Cardinal Edward Egan, former archbishop of New York, dead at 82

Cardinal Edward Egan

Story highlights

  • Cardinal Edward Egan died of a heart attack
  • He served as archbishop of New York from 2000 to 2009

New York (CNN)Cardinal Edward Egan, who led the Archdiocese of New York for nearly a decade, died Thursday at 82, the archdiocese announced.

Egan was pronounced dead of a heart attack at NYU Langone Medical Center at 2:20 p.m.
"Thank God he had a peaceful death, passing away right after lunch today," Cardinal Timothy Dolan, Egan's successor and current archbishop of New York, said in a statement.
    Egan was appointed archbishop of New York in 2000 and later cardinal in 2001 by Pope John Paul II. Egan retired from the archdiocese in 2009.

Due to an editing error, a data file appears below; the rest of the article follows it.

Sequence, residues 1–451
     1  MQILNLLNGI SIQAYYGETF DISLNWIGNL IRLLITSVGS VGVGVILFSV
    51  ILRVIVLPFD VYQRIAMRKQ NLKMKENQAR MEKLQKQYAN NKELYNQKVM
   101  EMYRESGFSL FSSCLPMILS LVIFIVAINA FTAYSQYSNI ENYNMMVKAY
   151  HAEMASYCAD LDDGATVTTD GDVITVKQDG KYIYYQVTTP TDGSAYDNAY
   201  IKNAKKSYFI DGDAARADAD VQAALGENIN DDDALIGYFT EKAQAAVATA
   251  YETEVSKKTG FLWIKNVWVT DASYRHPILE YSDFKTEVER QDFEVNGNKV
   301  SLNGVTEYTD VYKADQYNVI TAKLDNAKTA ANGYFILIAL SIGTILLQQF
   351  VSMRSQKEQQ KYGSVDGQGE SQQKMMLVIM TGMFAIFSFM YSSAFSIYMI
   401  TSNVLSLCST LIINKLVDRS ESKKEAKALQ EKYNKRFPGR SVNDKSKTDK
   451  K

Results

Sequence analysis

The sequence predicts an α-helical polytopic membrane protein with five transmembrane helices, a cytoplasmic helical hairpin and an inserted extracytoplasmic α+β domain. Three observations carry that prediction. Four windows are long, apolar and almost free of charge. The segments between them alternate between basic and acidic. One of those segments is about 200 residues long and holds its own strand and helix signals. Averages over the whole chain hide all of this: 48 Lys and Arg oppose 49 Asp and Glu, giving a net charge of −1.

As the leader of one of the largest Catholic communities in the country, Egan oversaw a growth of more than 200,000 registered parishioners and welcomed Pope Benedict XVI on a visit to New York City in 2008 to commemorate the 200th anniversary of the founding of the Diocese of New York.
    "Cardinal Egan spread love and knowledge, and brought comfort to countless New Yorkers and others across the country and the world who sought his guidance and counsel -- especially in the aftermath of 9/11," said New York Mayor Bill de Blasio in a statement.
    Egan served previously as the bishop of Bridgeport, Connecticut, from 1988 to 2000, when the diocese was at the center of a child sex abuse scandal.
    The Bridgeport diocese in 2001 paid $15 million to 26 plaintiffs to settle sexual abuse claims against eight priests.
    Egan apologized for his involvement in the scandal in a letter read across the New York archdiocese in 2002, though he later retracted that apology in an interview with Connecticut Magazine 10 years later.
    "I should never have said that," Egan said. "I did say 'If we did anything wrong, I'm sorry,' but I don't think we did anything wrong."
      Egan was born in Oak Park, Illinois, in 1932 and was ordained in Rome at the Pontifical North American College in 1957. Funeral arrangements are pending, the archdiocese said.